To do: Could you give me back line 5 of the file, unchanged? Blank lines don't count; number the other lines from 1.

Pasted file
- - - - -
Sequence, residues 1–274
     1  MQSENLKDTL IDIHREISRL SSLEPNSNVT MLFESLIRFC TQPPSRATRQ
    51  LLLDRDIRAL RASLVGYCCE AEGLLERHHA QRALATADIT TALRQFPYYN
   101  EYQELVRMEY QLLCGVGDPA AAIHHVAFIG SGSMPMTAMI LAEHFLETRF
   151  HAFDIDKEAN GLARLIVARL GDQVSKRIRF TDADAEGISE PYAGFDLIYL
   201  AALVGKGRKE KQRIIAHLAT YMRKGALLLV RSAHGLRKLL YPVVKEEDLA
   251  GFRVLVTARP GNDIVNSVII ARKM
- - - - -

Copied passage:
   151  HAFDIDKEAN GLARLIVARL GDQVSKRIRF TDADAEGISE PYAGFDLIYL